Policy Analysis in Practice
Successful policy analysis in real-world settings is far more than being able to analyze data, run regressions, use optimization models, or identify market failures. It involves:
The course is designed to teach you how to carry out all of these tasks successfully. You will learn a systematic multi-step process for conducting policy analyses on realistic policy problems. You will gain experience in applying that process to a variety of different policy problems through both class discussions and assignments. The examples used will primarily be based on real-world cases, with all the complexity that implies. The course will also improve your understanding of how public policies are actually developed, analyzed, and implemented in the real world, and it will show you how the work that policy analysts do can help to improve this process and lead to more effective policies and programs.
The focus of the course will be on how to analyze new policy problems and issues, not how to evaluate existing or past programs. Although we will review the results of some policies and programs that have been developed in the past, the primary goal of that will be to apply lessons from those experiences in analyzing new problems and developing policies to address them.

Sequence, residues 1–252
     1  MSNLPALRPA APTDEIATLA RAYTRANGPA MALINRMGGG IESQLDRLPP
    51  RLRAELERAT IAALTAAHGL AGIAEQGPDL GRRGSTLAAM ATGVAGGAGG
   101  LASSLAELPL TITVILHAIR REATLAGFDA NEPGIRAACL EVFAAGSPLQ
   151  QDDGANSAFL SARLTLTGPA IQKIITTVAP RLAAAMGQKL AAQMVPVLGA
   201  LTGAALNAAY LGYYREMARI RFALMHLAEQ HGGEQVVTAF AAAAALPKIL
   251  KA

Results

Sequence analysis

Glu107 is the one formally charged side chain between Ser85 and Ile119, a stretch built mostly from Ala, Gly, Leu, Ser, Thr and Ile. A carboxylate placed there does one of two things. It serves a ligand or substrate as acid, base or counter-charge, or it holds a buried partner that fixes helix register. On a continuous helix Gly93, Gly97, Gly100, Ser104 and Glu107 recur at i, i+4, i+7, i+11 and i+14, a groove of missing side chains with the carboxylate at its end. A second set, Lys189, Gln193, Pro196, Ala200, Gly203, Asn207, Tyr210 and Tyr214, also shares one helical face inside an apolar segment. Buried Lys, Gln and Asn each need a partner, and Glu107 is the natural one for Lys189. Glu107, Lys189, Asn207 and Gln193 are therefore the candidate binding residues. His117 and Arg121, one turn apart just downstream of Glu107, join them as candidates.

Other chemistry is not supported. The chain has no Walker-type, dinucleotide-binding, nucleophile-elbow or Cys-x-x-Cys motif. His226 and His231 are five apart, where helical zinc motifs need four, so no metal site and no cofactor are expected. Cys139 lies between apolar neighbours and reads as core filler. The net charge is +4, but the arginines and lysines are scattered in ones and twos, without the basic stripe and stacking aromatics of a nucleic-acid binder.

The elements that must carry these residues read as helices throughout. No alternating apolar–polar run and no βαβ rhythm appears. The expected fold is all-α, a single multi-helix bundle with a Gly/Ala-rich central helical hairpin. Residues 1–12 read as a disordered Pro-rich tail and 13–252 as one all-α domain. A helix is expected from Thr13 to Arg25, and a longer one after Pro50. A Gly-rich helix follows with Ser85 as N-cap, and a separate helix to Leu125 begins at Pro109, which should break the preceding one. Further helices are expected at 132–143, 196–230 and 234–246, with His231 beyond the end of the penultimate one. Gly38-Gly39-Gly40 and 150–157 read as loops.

Statistics, econometrics, operations research, financial analysis, and other sophisticated analytical tools are taught in depth in many other courses at the Heinz College and elsewhere at Carnegie Mellon, and you will not learn more of these types of methodologies in this course. Instead, this course should complement those other courses by helping you understand when and how to apply analytic methodologies effectively in addressing real world problems. In addition, the course will demonstrate approaches to analysis that can be used when data or time are insufficient to allow use of complex methods, as is often the case in many policy analysis roles.
If you successfully complete this course, you will:
This course is designed for students in the Master of Science in Public Policy and Management program who have skills equivalent to what is taught in the School’s core courses in economic analysis, statistical methods, management science, financial analysis, organizational design, policy and politics, and professional writing. In addition, an understanding of American government institutions and programs will be necessary in order for a student to participate effectively in the class discussions and to successfully complete the assignments.